Monday, May 28, 2007

Lewes' Silent Protests are Heard in the New York Times

Those of us who live in Lewes have gotten used to the weekly silent protests that take place each Sunday afternoon at the intersection of Kings Highway and Savannah Road. Today, there's a New York Times article about them: Silence Speaks Volumes at Intersection of Views on Iraq War. (Reg. Req.)

Anti-war protesters began gathering for a silent vigil each week back in 2004. Eventually pro-war demonstrators started to counter them and, for a time, things were fairly ugly.
After the peace vigil began in 2004, a group of counterprotesters began convening across the street. Some of the younger members of that group brought a radio and blared John Philip Sousa marching songs and patriotic music like “The Star-Spangled Banner.” Occasionally they yelled unkind things through a megaphone. At one point, fish guts and manure were strewn along the grass where the peace vigil meets.
Eventually, though, the pro-war side thinned out to one very faithful, but very polite gentleman. He is occasionally joined by others, but the ugliness is gone.

Tommywonk has picked up on one of the central points about this story; that it is possible to disagree civilly with each other about this war. I think that when you find someone on the other side of the question whose beliefs are deeply held, and honestly tested, you generally find the ability to disagree with grace.

I was struck by another aspect of the story. The Times noted that it is appropriate for this sort of protest to take place in a small town, since, it says, small towns have borne the brunt of war casualties.
About half of American military casualties in Iraq have come from towns with fewer than 25,000 residents. Among rural states, Delaware has the second-highest death rate, with 60 deaths per million military-age people, according to an analysis by William O’Hare of the Carsey Institute, a rural research center based at the University of New Hampshire, which has studied the demographics of soldiers fighting in the war.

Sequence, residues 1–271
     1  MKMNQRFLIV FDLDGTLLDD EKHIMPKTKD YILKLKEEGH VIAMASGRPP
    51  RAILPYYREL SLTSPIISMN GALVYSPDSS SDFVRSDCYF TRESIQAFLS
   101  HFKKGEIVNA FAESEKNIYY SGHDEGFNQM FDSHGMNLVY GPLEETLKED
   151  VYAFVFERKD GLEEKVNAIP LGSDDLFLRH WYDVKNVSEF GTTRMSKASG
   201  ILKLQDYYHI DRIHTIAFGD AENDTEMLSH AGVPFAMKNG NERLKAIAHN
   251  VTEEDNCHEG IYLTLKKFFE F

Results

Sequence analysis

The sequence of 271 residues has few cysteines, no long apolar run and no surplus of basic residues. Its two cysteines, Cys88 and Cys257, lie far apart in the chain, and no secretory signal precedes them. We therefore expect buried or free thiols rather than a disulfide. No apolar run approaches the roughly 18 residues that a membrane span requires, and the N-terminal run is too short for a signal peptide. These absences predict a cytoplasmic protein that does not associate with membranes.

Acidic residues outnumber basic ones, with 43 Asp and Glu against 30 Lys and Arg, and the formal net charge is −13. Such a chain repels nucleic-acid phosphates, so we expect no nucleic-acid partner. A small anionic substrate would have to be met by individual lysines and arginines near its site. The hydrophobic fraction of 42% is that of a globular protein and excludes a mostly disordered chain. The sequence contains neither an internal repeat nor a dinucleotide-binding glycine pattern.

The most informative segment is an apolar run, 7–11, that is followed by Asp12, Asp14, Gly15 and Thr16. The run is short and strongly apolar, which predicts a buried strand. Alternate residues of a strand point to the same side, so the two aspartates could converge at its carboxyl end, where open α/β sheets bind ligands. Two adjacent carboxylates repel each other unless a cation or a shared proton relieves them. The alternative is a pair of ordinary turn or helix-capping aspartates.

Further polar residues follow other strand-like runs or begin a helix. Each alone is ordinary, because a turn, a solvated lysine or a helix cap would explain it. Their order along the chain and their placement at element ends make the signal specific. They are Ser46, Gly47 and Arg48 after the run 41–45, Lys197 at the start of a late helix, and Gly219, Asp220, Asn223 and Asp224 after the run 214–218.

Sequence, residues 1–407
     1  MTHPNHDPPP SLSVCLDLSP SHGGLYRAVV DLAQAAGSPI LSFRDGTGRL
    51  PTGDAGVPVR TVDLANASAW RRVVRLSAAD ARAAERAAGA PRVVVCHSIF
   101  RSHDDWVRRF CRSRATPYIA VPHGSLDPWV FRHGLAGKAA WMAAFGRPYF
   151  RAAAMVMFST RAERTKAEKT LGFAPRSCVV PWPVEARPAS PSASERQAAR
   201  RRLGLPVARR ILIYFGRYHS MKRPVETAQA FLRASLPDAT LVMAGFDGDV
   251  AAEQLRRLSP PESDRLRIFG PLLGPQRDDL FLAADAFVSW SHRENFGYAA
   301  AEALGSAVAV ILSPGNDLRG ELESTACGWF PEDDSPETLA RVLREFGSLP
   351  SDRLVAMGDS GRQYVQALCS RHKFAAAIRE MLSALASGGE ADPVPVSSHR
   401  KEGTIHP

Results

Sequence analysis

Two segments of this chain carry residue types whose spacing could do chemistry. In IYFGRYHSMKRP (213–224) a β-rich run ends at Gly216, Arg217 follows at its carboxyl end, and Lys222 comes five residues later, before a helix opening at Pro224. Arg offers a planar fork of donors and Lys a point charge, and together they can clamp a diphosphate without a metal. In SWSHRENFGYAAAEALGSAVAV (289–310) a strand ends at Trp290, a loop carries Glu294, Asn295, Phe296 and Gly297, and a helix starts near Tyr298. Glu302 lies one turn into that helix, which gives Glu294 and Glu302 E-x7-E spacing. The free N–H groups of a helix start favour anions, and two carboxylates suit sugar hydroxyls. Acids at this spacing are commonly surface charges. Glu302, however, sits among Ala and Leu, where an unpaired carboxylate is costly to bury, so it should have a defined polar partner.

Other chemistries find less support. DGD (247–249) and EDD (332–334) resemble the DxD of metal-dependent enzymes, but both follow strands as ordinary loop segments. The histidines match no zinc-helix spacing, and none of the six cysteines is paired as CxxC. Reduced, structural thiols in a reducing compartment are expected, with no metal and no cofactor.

Of course, we need to bear in mind that this is a rate of deaths, and not an actual number. Delaware's population is still less than million. Still, it is sobering and it led to me to a little searching to see how many Delawareans have lost their lives in this war. According to a casualty database from (I think) the AP and linked from the News Journal Site, 14 men and women who called Delaware home have died. I'm sure there are others whose home state was no loner Delaware, but who have family and friends here.

And this is a good say to point out that even though I oppose this foolish war, and think we were wrong to invade Iraq, I honor these men and women and all the men and women who serve our nation. That our President has made a terrible mistake is not their fault; in fact they suffer the consequences of that mistake and do their best every day to make it right.

Today, as every day, they will be in my thoughts.

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